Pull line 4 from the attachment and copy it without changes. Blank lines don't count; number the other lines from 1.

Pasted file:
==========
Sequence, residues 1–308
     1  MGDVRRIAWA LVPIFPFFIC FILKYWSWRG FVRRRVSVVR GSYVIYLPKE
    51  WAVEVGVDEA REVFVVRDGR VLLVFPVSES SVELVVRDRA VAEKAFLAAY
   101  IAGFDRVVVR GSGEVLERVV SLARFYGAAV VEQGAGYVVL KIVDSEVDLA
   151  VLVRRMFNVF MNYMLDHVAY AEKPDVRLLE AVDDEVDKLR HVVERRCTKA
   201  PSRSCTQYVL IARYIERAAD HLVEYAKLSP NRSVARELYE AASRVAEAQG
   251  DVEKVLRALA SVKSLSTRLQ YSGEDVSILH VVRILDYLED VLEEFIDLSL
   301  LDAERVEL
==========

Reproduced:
   101  IAGFDRVVVR GSGEVLERVV SLARFYGAAV VEQGAGYVVL KIVDSEVDLA